Patrick Leahy's Photos on Display at Georgetown Law

Leahy's photographs will be on display at Georgetown Law. (Bill Clark/CQ Roll Call File Photo)

Between his legislative duties as the senior senator from Vermont, the chairman of the Senate Judiciary Committee and the Senate president pro tem, Patrick J. Leahy can often be spotted behind the lens of a camera.  

Over the years, the Vermont Democrat has captured numerous historical moments, and now 50 of those photographs are on display in Washington, D.C.  

On Monday, the Georgetown University Law Center unveiled a six-week exhibition of Leahy’s photographs titled, “World Leaders & Global Citizens, Photographs by Patrick Leahy, U.S. Senator.”  

Sen. Leahy attended  the 70th anniversary of the D-Day invasion in June. He offered some of his photos for Roll Call to publish. (Photo By Sen. Patrick Leahy)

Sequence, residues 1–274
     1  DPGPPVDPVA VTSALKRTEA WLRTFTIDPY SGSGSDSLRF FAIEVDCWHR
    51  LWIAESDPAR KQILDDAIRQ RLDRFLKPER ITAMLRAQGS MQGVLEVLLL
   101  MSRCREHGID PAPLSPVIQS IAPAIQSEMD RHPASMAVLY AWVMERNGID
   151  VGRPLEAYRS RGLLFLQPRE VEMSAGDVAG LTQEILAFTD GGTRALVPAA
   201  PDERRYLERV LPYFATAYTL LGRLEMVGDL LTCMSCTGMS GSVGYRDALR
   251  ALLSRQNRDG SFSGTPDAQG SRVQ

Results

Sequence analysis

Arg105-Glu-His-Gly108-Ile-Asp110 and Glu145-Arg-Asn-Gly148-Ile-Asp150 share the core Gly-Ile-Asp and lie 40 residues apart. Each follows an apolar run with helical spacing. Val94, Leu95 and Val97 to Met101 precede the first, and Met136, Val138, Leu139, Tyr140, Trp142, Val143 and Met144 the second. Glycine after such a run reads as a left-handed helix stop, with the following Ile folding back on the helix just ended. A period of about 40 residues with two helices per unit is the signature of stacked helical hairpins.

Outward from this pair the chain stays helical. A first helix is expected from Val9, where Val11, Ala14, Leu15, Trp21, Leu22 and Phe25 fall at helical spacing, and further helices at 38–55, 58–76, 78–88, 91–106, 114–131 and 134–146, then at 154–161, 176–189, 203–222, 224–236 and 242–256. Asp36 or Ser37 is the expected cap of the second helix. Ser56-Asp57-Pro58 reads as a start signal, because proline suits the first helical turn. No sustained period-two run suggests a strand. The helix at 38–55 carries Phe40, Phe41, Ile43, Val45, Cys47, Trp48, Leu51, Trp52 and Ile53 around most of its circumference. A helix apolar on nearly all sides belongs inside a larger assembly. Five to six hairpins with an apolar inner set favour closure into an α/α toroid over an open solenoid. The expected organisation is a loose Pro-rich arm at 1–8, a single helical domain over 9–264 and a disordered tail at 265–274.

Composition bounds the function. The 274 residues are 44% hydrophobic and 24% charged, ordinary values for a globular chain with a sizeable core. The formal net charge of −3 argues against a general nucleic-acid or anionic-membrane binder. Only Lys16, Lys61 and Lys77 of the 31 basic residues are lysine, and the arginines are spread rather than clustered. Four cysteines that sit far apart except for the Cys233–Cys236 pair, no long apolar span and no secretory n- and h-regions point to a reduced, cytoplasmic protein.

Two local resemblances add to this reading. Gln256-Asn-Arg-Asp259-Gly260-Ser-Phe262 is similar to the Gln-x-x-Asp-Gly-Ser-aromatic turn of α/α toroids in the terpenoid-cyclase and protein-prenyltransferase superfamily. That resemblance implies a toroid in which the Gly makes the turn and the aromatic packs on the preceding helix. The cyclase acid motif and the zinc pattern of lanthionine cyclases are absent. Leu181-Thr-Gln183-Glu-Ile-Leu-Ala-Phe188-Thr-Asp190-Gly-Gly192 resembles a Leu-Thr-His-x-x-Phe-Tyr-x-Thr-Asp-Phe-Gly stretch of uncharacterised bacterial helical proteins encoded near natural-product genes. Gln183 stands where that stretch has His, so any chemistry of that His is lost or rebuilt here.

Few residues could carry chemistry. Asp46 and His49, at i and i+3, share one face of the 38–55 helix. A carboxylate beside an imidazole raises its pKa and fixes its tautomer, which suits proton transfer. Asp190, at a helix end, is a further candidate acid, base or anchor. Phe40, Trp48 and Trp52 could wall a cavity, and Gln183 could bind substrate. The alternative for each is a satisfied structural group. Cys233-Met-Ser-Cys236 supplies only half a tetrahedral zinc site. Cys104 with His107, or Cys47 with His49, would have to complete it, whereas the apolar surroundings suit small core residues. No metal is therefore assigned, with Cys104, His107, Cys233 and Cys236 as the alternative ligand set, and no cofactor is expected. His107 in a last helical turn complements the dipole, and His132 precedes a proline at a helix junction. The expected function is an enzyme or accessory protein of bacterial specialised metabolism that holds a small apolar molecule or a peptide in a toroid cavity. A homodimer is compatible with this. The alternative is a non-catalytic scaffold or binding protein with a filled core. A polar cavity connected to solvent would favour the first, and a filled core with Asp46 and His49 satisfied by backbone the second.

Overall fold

Leahy attended the 70th anniversary of the D-Day invasion in June and offered to let Roll Call publish some, including this one. (Photo By Sen. Patrick Leahy)

Leahy’s photographs will be on display on the second floor of the Hotung International Law Building until Oct. 19. Anyone interested in visiting the exhibit should email mediarelations@law.georgetown.edu. The current exhibit is on display in conjunction with the 50th anniversary of Leahy’s graduation from Georgetown Law.  

“The difference between [Leahy’s] photos and those of a photojournalist is a matter of perspective,” Mara Williams, chief curator of the Brattleboro Museum & Art Center in Vermont, said in a release. “For instance, no commercial photographer will ever stand behind a president of the United States and preserve for all time the act of signing, the document being signed and the signature itself.”  

Leahy’s unique vantage point has resulted in one-of-a-kind photographs that have also been published in the pages of Roll Call.  

“I started taking pictures when I was a little kid, and I’ve kept a camera with me ever since,” Leahy told Roll Call in 2008.  

After the exhibition closes at Georgetown Law, the photos will be displayed at the Brattleboro Museum & Art Center.  

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